Andreas Schifferer

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Andreas Schifferer
Medal record
Alpine skiing
Winter Olympics
Bronze medal – third place 2002 Salt Lake City Super G
World Championships
Bronze medal – third place 1997 Sestriere Giant slalom
World Cup
Gold medal – first place 1998 World Cup Downhill Cup
Silver medal – second place 1998 World Cup Overall Cup
Silver medal – second place 1999 World Cup Downhill Cup
Bronze medal – third place 1997 World Cup Super G Cup
Bronze medal – third place 1999 World Cup Super G Cup
European Cup
Gold medal – first place 1994–95 European Cup Overall Cup

Andreas "Andi" Schifferer (born 3 August 1974) is a former Austrian alpine skier who was known to be a downhill specialist, but also competed in other disciplines.

Early life[edit]

Schifferer was born in Radstadt, Salzburger Land in Austria and skied his first races at the age of three.[1] After his high school period he joined the Skigymnasium school in Stams and was invited to join the Austrian national team, which dominated the World Cups in 1995.[1]

Career[edit]

In his first season, 1994/1995 he made his World Cup debut in Val d'Isère, but mainly participated in the European Cup and won two downhills in La Thuile and Saalbach-Hinterglemm.[2] In the other races and disciplines he also qualified among the best skiers, which brought him the Overall European Cup win.[1] He won his first World Cup points the next season, when finishing in 25th position in Adelboden.[1] In the same season, in Bormio he reached his first podium position when he finished in second position at the downhill.[1]

In 1997 at the World Championships in Sestriere he finished in third position at the giant slalom, securing him the bronze medal. He just missed out on a second medal when he finished in fifth position at the downhill.[1] One year later Schifferer had a good season when he won four World Cup meetings in downhill, which resulted in the downhill World Cup win.[1] Due to his good performances during the season on other disciplines as well he finished in second position for the overall World Cup. Only Hermann Maier collected more points.[1] He made his Olympic debut at the 1998 Winter Olympics in Nagano, finishing 7th at the downhill and 19th at the Super G.[1] Also in the 1998–99 season Schifferer achieved good results in downhill competitions. He won for instance two downhill races in two days in Kvitfjell, Norway and ended in second position in the World Cup standing at the end of the year. In the overall rankings he could not repeat his former results and finished in sixth position.[1]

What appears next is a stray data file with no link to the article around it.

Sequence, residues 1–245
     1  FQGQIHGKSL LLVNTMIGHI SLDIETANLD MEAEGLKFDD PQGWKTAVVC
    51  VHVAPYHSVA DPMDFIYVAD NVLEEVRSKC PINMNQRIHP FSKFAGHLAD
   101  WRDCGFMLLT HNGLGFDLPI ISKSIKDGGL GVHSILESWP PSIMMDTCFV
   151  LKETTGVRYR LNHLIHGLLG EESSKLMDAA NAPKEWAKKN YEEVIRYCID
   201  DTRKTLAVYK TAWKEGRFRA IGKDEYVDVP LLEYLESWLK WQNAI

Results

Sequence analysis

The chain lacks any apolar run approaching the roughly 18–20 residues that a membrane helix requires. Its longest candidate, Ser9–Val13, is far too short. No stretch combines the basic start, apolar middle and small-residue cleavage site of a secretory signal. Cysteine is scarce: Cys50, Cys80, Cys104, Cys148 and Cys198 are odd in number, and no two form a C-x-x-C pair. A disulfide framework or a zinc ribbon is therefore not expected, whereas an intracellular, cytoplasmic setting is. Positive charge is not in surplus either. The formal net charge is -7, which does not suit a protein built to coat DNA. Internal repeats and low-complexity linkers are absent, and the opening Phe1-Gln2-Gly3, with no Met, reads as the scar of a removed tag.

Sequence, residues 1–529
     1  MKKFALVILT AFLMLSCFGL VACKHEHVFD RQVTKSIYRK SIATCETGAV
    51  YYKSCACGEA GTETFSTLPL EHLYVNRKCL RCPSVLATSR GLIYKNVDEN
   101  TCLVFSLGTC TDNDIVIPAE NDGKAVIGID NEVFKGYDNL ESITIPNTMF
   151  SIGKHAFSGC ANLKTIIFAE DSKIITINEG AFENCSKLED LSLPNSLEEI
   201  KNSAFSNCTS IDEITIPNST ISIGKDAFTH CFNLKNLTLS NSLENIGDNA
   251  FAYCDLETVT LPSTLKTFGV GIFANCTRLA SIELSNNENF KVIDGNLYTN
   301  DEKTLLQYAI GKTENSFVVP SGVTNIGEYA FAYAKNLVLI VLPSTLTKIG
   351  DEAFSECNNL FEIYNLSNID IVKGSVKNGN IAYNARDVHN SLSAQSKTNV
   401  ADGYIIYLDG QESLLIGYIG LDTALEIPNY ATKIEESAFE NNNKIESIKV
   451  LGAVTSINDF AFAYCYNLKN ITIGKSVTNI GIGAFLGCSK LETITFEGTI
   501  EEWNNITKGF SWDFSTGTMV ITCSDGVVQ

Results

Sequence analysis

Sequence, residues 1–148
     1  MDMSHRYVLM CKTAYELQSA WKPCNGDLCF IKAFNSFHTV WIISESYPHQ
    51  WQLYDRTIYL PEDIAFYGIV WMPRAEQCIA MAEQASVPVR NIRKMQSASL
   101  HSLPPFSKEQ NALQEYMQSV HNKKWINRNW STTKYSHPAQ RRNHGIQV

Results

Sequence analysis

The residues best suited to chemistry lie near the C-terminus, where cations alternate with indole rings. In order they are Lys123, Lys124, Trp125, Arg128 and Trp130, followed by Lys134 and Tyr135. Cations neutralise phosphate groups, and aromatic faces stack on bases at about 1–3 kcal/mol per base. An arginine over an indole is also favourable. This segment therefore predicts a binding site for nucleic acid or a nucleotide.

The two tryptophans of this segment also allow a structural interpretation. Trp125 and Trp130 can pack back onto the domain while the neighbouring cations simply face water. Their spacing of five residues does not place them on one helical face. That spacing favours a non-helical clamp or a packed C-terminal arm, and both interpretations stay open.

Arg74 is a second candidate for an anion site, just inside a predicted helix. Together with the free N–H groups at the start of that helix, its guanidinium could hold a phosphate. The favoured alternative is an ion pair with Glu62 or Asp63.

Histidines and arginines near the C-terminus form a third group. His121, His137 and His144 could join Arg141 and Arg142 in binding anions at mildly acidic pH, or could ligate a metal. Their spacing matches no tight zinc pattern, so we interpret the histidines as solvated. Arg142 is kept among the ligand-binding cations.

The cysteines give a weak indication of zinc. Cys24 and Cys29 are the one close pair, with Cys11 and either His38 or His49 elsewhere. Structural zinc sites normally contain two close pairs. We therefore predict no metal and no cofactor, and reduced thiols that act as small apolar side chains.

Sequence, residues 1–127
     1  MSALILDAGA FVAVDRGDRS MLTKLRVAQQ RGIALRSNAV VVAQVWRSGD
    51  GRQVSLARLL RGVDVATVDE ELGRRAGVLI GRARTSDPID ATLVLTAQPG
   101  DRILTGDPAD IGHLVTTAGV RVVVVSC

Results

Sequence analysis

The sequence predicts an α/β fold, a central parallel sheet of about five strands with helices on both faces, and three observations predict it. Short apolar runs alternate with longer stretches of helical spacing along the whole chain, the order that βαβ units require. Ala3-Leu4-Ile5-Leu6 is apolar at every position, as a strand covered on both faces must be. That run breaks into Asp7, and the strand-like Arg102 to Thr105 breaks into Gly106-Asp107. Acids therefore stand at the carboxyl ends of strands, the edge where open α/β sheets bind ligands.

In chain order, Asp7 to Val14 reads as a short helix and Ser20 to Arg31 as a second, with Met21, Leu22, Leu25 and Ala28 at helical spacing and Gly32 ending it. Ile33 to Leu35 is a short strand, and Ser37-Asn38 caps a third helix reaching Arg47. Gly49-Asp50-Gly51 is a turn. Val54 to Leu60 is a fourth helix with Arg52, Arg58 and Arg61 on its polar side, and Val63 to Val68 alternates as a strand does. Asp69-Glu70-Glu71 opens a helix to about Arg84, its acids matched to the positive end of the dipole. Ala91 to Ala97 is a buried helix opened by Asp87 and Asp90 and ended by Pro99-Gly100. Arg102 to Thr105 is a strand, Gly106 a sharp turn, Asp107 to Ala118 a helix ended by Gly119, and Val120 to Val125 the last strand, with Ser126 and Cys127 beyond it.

He reached his biggest achievement of his career at the 2002 Winter Olympics in Salt Lake City. At the Super-G discipline he finished in third position behind Kjetil André Aamodt and Stephan Eberharter to win the bronze medal.[1] Schifferer did not win any World Cup meetings since 18 December 1999, but still managed to finish in many podium places instead. In Park City in 2003 he came very close to his next World Cup victory, but only finished in second position, just behind Bode Miller.[1]

Since 2004 Schifferer was no longer able to achieve top rankings in World Cup races, but mainly finished in the middle of the bunch instead. In the 2005–06 season his best result was a 9th position in Val Gardena.[1] During his career he won a total of eight World Cup meetings, seven in downhill and one on the Super G.[3]

On 13 December 2006 Schifferer announced his retirement from the sport.

Statistics[edit]

downhill giant slalom super g combined parallel total
World Cup victories 7 0 1 0 0 8
World Cup podiums 12 7 9 0 0 28
World Cup top tens 43 30 31 4 1 109
World Cup victories
date venue discipline
13 March 1997 Vail Super G
5 December 1997 Beaver Creek Downhill
30 December 1997 Bormio Downhill
17 January 1998 Wengen Downhill
31 January 1998 Garmisch-Partenkirchen Downhill
5 March 1999 Kvitfjell Downhill
6 March 1999 Kvitfjell Downhill
18 December 1999 Val Gardena Downhill
First World Cup start 1994 Val d'Isère
First World Cup points 1995 Adelboden
First World Cup podium 1995 Bormio
Statistics updated until: 26 November 2006[3][4]

References[edit]